Tuesday, March 6, 2007

Fying with a Hawk

A Day with a Free Spirit

Few of us get to see a wild hawk trained for falconry. On this cold, blustery day in the uplands above the Virgin river a group of photographers got their chance. Bill Mader, raptor keeper and rehabilitator took us along to watch Sable have breakfast.

Sable is twenty-six years old, ancient by bird standards, and this attests to good care all of her life. She is a Harris hawk, rare in these parts since their range is more southwestern, in the Mohave desert. Yet she seemed to do quite well in the blackbrush and sage hills that cover much of the area between Saint George Utah and Zion National Park.

Sable is placed on a nearby volcanic rock and she stays for about twenty seconds until the handler walks away and into the wind.
The falconry glove is put on, and a rare piece of rabbit meat is
tucked into the thumb and forefinger pocket. Sable rides low to travel toward her prize as it is unnecessary to soar high to go such a short distance. Besides, the wind is fierce enough that only a little lift is necessary to fill those big red wings.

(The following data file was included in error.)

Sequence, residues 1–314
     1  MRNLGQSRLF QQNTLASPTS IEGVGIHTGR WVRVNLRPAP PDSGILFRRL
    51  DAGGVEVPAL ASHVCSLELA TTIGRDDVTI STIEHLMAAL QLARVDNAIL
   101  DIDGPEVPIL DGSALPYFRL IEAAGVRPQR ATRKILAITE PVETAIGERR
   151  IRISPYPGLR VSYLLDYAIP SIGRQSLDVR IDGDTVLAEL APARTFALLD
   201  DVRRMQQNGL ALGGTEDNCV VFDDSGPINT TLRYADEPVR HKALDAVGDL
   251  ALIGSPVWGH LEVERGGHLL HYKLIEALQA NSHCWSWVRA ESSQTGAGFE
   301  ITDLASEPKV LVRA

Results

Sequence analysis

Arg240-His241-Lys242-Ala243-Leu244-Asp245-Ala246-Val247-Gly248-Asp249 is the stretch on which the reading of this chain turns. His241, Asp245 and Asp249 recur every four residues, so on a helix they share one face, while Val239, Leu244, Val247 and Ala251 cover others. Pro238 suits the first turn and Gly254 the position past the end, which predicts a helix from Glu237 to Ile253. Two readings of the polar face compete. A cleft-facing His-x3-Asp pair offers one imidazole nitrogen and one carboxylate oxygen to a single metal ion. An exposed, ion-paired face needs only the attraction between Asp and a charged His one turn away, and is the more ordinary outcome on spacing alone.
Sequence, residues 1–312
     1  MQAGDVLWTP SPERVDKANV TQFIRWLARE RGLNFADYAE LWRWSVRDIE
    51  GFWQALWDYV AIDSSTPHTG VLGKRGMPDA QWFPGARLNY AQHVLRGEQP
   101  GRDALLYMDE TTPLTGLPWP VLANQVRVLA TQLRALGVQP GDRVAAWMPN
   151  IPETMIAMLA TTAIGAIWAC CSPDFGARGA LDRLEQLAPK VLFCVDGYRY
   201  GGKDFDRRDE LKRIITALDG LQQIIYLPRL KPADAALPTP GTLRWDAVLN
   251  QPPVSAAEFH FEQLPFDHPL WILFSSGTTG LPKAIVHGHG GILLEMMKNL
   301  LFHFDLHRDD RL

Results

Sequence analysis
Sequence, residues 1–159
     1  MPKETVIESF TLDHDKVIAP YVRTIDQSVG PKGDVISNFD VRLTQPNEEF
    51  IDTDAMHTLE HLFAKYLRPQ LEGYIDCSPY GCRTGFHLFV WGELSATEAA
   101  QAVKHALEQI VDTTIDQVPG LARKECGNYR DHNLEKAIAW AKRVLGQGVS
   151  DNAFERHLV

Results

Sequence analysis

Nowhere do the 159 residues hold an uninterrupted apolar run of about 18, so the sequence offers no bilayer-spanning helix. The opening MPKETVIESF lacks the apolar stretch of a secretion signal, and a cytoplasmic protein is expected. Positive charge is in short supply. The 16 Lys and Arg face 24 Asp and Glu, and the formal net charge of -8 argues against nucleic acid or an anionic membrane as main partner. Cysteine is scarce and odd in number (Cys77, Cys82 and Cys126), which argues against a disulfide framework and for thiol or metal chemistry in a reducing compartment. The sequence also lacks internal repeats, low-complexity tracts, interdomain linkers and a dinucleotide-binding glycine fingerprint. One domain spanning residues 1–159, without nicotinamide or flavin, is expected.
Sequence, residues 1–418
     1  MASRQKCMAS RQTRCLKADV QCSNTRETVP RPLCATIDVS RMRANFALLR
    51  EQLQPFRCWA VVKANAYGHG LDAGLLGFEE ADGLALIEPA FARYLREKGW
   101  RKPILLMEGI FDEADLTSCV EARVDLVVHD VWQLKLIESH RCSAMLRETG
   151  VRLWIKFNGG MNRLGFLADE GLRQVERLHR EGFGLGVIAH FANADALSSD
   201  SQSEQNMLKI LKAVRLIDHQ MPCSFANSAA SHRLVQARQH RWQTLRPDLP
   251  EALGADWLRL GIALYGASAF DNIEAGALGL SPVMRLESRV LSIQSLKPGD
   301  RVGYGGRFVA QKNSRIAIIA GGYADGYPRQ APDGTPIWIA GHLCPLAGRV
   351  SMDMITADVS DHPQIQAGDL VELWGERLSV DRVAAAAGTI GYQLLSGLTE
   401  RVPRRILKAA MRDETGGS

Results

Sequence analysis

Sable glides in to Bill's hand. She does not hit the glove hard, like a peregrine falcon might hit its prey; she has been trained to land lightly by pulling up into the wind and using her wings as a brake while she extends her talons with precision. She lands lightly and without any discernable push in any direction. Carrying her back to her rock perch is like holding a balloon; a very living, well-balanced balloon. (This author got to receive and recover her twice during the trip!)

Sable gets her well-earned reward. She flew about 10 times for the exercise, the training and the photographers. None of these things matter to her. Her life is confined, yes, but she is as wild in spirit as a hawk can be. She gives the gift of her spirit every time she takes a flight, and she asks for nothing in return but a little breakfast. She is Hawk, and Hawk must be Hawk forever. That's why we're here, not only to take pictures but to feel the Hawk in ourselves.

Christine Oravec